Polarisation
Light Sound and Waves

Like flies to polarised light

Stories from Physics for 11-14 14-16 IOP RESOURCES

White horses may seem to be at an evolutionary disadvantage: they are easily spotted by predators and suffer from higher incidences of skin cancers and eye problems due to their greater sensitivity to UV light than darker coloured breeds. However, scientists have recently discovered an unexpected advantage due to their optical properties.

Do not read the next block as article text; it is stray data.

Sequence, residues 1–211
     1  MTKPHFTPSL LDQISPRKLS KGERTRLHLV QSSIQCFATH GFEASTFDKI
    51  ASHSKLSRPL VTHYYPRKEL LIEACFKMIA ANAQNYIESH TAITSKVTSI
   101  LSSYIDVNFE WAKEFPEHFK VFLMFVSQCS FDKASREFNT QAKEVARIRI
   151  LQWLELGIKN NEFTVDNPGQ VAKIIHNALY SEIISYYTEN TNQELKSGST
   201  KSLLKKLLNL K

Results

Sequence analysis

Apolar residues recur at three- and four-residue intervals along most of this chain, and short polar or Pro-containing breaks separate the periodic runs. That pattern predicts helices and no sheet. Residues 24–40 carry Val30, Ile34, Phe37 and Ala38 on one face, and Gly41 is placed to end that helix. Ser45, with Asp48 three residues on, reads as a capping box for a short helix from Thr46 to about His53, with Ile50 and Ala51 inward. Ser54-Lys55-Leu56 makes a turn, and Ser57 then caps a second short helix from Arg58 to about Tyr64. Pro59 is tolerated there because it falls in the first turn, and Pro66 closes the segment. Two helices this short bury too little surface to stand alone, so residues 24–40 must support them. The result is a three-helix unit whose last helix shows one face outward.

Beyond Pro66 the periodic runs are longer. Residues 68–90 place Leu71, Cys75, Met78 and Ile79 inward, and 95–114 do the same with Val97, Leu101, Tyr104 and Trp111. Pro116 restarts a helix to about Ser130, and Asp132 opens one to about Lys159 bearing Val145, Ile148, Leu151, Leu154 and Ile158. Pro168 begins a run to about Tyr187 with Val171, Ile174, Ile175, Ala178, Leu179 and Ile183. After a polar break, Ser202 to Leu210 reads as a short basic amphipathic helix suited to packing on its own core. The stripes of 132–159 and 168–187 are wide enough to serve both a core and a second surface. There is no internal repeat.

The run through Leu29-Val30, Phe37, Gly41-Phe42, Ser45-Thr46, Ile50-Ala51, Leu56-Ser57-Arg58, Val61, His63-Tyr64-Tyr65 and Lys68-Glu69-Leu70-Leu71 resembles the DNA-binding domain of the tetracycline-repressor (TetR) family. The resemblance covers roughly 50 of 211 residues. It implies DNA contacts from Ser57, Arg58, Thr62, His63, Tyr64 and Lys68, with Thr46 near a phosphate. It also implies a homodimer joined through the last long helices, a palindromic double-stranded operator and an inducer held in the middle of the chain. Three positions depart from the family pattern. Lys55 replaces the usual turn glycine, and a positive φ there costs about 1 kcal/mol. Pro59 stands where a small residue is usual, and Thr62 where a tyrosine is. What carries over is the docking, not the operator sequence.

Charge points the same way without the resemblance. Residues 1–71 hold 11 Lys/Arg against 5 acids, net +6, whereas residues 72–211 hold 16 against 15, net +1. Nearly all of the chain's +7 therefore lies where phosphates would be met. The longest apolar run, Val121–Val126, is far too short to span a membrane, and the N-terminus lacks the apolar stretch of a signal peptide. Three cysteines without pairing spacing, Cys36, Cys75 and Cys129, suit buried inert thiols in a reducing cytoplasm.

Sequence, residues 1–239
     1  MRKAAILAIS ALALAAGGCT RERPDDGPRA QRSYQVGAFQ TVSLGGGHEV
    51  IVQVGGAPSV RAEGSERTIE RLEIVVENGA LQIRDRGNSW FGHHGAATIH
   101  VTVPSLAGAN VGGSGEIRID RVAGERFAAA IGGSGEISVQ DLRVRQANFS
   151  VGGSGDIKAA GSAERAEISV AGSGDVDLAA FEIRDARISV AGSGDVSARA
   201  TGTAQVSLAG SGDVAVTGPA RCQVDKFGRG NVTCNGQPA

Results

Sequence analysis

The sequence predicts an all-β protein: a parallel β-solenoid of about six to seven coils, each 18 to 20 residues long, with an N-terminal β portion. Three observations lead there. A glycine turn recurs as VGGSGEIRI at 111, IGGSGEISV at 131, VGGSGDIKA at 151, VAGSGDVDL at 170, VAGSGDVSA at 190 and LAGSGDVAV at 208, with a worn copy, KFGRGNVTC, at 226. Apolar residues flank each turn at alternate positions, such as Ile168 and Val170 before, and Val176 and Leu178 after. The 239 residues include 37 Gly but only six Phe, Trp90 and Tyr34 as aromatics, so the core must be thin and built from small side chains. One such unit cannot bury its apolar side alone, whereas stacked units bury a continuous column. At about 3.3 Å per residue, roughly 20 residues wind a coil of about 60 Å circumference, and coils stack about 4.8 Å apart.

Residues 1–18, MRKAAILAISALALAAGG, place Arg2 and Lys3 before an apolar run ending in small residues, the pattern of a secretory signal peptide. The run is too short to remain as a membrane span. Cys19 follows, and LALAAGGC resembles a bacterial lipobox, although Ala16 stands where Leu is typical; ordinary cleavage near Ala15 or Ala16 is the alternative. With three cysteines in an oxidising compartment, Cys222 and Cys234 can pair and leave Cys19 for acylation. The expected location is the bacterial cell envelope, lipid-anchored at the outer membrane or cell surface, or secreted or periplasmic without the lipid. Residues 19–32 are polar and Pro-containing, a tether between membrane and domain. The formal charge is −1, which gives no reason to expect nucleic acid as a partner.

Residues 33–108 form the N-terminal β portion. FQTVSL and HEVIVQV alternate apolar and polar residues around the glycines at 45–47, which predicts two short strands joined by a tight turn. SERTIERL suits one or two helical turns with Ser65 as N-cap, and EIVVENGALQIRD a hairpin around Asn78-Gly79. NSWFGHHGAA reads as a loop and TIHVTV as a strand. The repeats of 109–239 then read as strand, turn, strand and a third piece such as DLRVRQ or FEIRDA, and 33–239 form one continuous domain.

The coats of white horses reflect light with lower degrees of polarisation than that of brown or black horses. This observation is significant as tabanid flies, blood-sucking insects which can transmit diseases, are strongly attracted to horizontally polarised light. Researchers tested this hypothesis with a number of experiments, including one in which they built models of horses of different colours that they coated with a sticky substance. The brown and black models collected 15 and 25 times more tabanids respectively in comparison to the sticky white horse model.

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